The Practical Copyright Solutions: Settle or Hire Your Own Photographer
Other celebrities have faced similar situations but have mostly settled out of court and therefore the legal underpinnings of their defenses have not been wholly evaluated. Jennifer Lopez was faced with a claim by photographer Michael Stewart for posting one of his pictures of herself to one of her social media pages without a license or permission. Stewart v. Lopez, 1:18-cv-12019-KPF. Though her legal team claimed a fair use defense, amongst others, the case ultimately settled out of court. Similarly, Versace was sued for posting a photo of Jennifer Lopez taken by professional photographer Robert Barbera. Barbera v. Versace USA, Inc., 1:19-cv-03563 (S.D.N.Y. 2019). This case also quickly settled out of court. Most recently, in a lawsuit that lasted a whole two days before being settled, Victoria Beckham was sued for posting a photo of herself to her Instagram story. Ramales v. Victoria Beckham Inc., et al., 1:19-cv-08650 (S.D.N.Y. 2019)Others are seeking to avoid litigation altogether by hiring their own social media photographers. If you have been keeping up with the Kardashians, you know that in 2017 Khloe Kardashian was the first of the famous sisters to be sued for copyright infringement after posting a paparazzi picture on a social media account. Xposure Photos UK Ltd. v. Khloe Kardashian et al, 2:17-cv-03088-DSF-MRW (C.D. Ca. 2017). Khloe Kardashian took to Twitter to complain about the settlement amount. She was also upset to find out that fan accounts were being taken down for reposting her paparazzi photos. The sisters believed that a fair use defense applied at least to the fan accounts for reposting content. Sister Kim Kardashian came up with a solution – she hired her own social media photographer and gave her fans permission to repost the photos. She Tweeted, “[S]ince the paparazzi agencies won’t allow the fans to repost, all of my pics are taken by my own photog and you guys can always repost whatever you want. If I ever post from an agency I will tag them and I have permission. So those please don’t repost!” Apparently, modern problems require modern solutions.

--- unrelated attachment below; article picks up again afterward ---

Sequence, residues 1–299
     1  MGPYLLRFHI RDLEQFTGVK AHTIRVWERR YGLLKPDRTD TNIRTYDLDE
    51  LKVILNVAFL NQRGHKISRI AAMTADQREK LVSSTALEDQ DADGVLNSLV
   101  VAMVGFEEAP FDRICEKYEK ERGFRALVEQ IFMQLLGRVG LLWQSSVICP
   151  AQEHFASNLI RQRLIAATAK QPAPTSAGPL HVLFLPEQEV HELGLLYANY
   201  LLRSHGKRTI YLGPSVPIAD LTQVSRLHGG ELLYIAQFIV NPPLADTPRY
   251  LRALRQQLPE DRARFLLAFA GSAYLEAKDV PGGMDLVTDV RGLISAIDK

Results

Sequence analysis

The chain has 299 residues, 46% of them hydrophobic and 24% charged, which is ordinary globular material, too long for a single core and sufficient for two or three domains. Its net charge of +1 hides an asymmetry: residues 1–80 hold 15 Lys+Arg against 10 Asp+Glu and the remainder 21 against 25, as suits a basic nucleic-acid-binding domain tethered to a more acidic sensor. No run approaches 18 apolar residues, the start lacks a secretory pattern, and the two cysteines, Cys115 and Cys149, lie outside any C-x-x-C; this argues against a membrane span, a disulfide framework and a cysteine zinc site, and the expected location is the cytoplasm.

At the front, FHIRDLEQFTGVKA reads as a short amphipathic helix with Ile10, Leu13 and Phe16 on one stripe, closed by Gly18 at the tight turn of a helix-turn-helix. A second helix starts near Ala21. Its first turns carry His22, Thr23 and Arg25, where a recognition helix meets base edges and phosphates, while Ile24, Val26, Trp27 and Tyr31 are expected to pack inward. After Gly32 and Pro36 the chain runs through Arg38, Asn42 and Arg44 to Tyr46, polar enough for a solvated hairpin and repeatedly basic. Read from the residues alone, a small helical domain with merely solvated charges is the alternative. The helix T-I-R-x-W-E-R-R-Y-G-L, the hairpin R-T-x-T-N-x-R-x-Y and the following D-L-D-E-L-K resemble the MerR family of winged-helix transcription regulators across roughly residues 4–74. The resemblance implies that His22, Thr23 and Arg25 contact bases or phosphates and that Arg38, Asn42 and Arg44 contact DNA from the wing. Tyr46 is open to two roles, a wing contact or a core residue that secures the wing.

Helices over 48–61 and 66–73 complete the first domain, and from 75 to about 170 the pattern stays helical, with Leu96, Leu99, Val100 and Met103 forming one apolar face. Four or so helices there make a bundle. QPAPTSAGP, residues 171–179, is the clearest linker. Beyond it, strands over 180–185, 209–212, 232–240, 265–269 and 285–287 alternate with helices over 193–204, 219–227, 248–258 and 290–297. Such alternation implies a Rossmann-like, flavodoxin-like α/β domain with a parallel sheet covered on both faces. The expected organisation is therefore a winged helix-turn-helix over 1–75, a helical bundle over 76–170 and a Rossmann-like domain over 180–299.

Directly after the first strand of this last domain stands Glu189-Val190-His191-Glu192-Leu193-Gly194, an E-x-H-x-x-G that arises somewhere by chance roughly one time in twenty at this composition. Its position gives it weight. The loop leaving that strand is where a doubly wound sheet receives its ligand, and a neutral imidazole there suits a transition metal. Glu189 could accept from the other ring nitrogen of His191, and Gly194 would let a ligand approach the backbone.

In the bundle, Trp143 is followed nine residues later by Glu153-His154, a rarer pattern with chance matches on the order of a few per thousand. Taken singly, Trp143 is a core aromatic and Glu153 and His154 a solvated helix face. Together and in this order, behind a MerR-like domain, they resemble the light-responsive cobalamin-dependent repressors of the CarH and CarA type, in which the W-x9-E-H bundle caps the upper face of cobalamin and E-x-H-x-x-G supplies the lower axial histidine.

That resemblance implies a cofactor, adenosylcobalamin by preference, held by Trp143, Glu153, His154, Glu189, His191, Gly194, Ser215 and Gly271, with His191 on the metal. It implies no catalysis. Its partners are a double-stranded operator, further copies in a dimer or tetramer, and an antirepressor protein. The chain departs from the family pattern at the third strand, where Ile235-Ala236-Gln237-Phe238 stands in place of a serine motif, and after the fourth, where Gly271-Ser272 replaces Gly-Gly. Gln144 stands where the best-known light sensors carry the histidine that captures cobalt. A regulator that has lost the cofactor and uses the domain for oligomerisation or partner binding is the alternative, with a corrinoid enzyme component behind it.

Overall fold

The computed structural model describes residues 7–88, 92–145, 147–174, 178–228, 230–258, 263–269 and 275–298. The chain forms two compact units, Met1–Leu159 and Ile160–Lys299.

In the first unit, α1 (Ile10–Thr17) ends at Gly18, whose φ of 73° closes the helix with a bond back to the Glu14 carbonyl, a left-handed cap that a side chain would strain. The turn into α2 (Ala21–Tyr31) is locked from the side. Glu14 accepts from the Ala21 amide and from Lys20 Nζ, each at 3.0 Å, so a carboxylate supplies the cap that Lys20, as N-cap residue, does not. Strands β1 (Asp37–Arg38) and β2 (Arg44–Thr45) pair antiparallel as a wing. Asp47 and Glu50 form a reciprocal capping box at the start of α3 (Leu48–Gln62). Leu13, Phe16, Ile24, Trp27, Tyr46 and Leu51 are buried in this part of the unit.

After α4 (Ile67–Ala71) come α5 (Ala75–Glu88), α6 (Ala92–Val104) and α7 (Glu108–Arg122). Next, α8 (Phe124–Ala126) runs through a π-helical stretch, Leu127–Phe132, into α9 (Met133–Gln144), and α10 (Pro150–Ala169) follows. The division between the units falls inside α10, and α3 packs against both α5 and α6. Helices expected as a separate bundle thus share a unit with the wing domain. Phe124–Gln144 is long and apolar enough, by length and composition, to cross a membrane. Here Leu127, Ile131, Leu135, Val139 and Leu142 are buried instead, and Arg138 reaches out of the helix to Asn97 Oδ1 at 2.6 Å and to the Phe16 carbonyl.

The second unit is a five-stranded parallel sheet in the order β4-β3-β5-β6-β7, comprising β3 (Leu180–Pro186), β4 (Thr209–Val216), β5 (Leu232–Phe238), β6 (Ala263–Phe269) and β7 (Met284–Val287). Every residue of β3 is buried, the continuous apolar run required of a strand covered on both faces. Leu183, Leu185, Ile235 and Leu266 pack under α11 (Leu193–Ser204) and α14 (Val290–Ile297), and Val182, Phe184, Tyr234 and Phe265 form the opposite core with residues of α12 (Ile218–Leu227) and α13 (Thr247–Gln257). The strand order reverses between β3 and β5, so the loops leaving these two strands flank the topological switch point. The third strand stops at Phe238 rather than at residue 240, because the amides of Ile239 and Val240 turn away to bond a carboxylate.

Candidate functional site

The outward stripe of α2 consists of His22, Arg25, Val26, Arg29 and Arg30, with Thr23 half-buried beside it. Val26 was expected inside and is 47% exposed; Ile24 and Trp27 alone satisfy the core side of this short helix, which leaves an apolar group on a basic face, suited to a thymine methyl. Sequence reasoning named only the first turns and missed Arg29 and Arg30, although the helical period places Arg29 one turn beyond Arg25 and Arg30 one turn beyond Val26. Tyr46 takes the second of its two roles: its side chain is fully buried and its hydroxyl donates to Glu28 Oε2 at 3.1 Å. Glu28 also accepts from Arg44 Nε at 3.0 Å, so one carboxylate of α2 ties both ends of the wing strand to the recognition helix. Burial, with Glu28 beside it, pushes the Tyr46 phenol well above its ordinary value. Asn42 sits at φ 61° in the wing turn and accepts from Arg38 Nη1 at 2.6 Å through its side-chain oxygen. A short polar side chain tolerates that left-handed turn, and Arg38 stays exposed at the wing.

Right of Publicity Counter Claims
A right of publicity counterclaim has also been used to combat these paparazzi lawsuits. Generally speaking, the right of publicity allows that a person has a right to protect and control the use of their likeness in commercial settings. In 2018, NFL player Odell Beckham Jr. sued the photo agency, Splash News & Picture Agency, and claimed the agency “attempted to extort $40,000 from Beckham for allegedly posting a picture of himself on his own social media account.” Beckham V. Splash News and Picture Agency, LLC et al., 2:18-cv-01001-JTM-JCW (E.D. La. 2018). Beckham claimed that the photographer violated his right of publicity and right of privacy by taking photos of him in his driveway and subsequently selling them to the photo agency without Beckham’s knowledge or consent. He also claimed that the agency’s act of licensing the unauthorized photos to other websites is in violation of his right of publicity. After a year of back and forth, the parties settled out of court.
The fraught relationship between celebrities and paparazzi has existed for decades, but the rise of social media as a ubiquitous part of how celebrities interact with their fans places everyone involved in uncharted legal waters. Despite the number of occasions on which this scenario has arisen, the cases have been largely settled out of court or decided on a pleading deficiency. Until we see a decision that helps shape the space, all sides can and will continue taking steps to protect their legal rights. Celebrities can seek more explicit license from the photographer or consider hiring social media photographers, as Kim Kardashian did, if they want to share photos of themselves in that space, and photographers can ensure that their works are registered if they want to enforce in court. We eagerly anticipate developments in this novel—and yet somehow not new at all—area of copyright law.